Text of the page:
Tuesday 17 January 2017

Best of a Genre

I've had this post in the works for a while now, but deciding on many of these categories has been one tricky task, especially with more and more releases pouring into cinemas as the years fly by. But, for now, this is the batch I'll settle with: let us dive into my favourite films in many of cinemas key genres...

Best Superhero Film - Spider-Man 2 (2004)

Spider-Man 2 is undoubtedly one of the most widely praised superhero films ever made due to its commendable balance of action and honest emotion. The story takes inspiration from the 1967 comic book Spider-Man No More, featuring Peter trying to give up his alter ego to try and live a normal life. Coming into conflict with countless thugs and protecting New York from crime as Spider-Man leaves his real self Peter Parker to fail his exams, lose the love of his life and even the friendship of his closest pal Harry Osborne. The emotional focus on Peter trying to cope with being a normal man but also knowing his gift has to be utilized is something not seen in many superhero films nowadays - and, of course, Alfred Molina's portrayal of Doctor Octopus remains one of the most iconic villains in a superhero film to date.

Best Animated Film - The Lion King (1994)

While Frozen has claimed the title of highest grossing Disney film as well as highest grossing animated film, The Lion King previously held the former record with incredible worldwide earnings of $968 million, and it still remains the highest grossing traditionally animated film ever made. Featuring a star studded cast, gorgeous animation, and an epic, emotional storyline, The Lion King is a perfect example of a colourful animated film that can appeal to both adults and kids without relying solely on subtle mature jokes. Some people criticise it for some abrupt tonal shifts, but The Lion King still remains my favourite film of all time, and of course the best animated feature I've ever seen.

Best Sci-Fi Film - Back to the Future (1985)

Though it's not necessarily pure sci-fi, Back to the Future still qualifies as an entry to this genre and still remains one of the most treasured films of all time. Co-written and directed by Robert Zemeckis, the film sees protagonist Marty McFly (Michael J. Fox) sent back 30 years in the past, clashing with his younger parents in the process. Exceptionally constructed and superbly acted, Back to the Future brings a fantastic script to life with some impressive visuals for the time and an energetic sense of fun.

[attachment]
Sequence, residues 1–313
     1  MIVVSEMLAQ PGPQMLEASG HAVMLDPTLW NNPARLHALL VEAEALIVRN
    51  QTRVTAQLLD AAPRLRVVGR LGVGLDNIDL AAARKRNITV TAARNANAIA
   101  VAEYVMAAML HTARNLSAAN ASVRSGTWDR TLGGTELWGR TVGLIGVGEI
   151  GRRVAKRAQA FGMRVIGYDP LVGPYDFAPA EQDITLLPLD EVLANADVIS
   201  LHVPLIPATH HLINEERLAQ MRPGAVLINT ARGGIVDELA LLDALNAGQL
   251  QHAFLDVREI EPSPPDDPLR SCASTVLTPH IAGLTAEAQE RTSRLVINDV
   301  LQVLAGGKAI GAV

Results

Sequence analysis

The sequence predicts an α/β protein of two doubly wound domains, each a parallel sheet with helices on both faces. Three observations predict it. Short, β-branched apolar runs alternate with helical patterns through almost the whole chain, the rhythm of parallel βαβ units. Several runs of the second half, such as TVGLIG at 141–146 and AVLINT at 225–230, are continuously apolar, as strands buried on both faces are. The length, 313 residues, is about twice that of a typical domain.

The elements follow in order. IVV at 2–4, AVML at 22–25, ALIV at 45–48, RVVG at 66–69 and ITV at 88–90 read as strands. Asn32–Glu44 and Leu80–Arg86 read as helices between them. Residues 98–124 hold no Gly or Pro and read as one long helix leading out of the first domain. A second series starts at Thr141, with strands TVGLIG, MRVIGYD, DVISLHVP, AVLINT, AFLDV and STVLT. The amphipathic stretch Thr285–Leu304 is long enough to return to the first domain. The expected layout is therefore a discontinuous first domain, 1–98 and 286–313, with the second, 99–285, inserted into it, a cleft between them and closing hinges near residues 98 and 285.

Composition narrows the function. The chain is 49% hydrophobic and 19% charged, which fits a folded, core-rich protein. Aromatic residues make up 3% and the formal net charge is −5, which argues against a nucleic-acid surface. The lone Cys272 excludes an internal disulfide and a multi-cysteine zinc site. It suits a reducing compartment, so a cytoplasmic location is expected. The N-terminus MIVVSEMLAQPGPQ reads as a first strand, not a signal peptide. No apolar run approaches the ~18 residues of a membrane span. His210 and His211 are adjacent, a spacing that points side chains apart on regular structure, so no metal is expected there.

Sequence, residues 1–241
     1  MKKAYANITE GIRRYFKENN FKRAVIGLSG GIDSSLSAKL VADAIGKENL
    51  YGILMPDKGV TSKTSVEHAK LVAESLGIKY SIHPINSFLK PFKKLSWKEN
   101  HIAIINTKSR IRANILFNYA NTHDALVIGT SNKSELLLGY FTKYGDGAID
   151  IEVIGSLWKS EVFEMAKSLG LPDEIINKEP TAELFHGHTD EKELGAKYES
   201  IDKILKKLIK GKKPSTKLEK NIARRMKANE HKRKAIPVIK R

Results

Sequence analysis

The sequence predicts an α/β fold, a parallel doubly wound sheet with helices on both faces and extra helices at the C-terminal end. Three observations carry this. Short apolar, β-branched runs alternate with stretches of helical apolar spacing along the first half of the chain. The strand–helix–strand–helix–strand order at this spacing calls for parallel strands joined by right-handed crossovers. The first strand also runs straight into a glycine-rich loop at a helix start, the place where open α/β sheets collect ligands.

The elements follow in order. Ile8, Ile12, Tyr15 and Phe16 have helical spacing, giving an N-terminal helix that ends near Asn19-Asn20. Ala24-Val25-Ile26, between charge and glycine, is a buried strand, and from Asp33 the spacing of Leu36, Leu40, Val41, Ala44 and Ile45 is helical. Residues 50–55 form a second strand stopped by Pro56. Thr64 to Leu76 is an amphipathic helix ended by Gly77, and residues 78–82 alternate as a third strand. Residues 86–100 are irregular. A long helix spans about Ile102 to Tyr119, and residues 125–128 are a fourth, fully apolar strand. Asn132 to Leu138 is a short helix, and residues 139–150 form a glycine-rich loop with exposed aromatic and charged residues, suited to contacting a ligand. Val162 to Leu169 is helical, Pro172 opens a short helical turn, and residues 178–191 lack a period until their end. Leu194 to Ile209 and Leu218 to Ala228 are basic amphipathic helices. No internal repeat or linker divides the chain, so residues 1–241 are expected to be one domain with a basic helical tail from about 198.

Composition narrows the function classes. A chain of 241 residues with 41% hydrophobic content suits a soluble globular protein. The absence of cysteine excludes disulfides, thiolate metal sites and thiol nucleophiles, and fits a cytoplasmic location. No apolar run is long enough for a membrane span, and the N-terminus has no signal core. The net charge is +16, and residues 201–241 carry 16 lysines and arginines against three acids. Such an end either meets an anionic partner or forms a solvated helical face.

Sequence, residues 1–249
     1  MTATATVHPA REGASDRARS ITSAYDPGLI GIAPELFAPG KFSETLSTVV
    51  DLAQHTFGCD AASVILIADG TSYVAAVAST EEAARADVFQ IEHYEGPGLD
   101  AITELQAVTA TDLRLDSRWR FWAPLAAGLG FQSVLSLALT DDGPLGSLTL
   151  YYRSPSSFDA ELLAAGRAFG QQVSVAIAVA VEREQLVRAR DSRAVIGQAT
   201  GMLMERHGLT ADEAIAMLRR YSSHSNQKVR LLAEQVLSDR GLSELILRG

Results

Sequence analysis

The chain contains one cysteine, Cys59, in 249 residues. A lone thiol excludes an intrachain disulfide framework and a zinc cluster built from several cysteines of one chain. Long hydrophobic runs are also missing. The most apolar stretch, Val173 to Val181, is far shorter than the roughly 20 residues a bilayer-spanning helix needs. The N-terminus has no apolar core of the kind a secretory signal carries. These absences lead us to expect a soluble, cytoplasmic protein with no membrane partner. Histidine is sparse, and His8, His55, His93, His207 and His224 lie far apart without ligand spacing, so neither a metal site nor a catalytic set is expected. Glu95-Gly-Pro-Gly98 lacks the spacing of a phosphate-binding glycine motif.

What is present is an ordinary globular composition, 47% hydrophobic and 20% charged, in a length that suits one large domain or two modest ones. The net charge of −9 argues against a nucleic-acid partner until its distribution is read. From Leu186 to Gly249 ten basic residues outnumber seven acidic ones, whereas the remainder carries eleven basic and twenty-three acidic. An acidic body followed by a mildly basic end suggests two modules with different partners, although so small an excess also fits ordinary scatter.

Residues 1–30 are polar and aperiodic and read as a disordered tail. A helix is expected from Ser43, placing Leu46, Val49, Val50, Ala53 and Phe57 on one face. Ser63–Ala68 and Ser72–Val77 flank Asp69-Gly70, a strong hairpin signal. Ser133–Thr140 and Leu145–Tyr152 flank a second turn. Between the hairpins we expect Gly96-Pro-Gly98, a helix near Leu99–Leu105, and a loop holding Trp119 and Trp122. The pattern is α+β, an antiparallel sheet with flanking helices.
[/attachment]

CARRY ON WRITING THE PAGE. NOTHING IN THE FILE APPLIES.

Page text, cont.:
Best Horror Film - The Woman in Black (1989)

I never shut up about this film, but I just can't help it - The Woman in Black is a unique low budget horror flick that manages to be one of the genre's best thanks to a chilling atmosphere and excellent pacing. It's screenplay made several annoying changes from the source material, but regardless, an eerie vibe underlines the entire narrative, which itself is far more interesting than most horror films these days. Much better than the 2012 adaptation, the 1989 Woman in Black may be outdated to some, but it remains spooky and unsettling to many others - and for good reason.

Best Biopic Film - Catch Me If You Can (2002)

Directed by filmmaking poster child Steven Spielberg, Catch Me If You Can recaptures the true story of con artist Frank Abagnale, who successfully faked his identity as a pilot, lawyer, and doctor - all before he turned eighteen. With Leonardo DiCaprio and Tom Hanks in starring roles, the story is already brought to life with compelling performances - but it's Spielberg's sweet and sentimental direction that captures the heart to this complex story. Interesting on its portrayal of Abagnale's real life actions yet still dramatically effective, Catch Me If You Can is quite easily one of Spielberg's best films to date.

Best Thriller Film - Shutter Island (2010)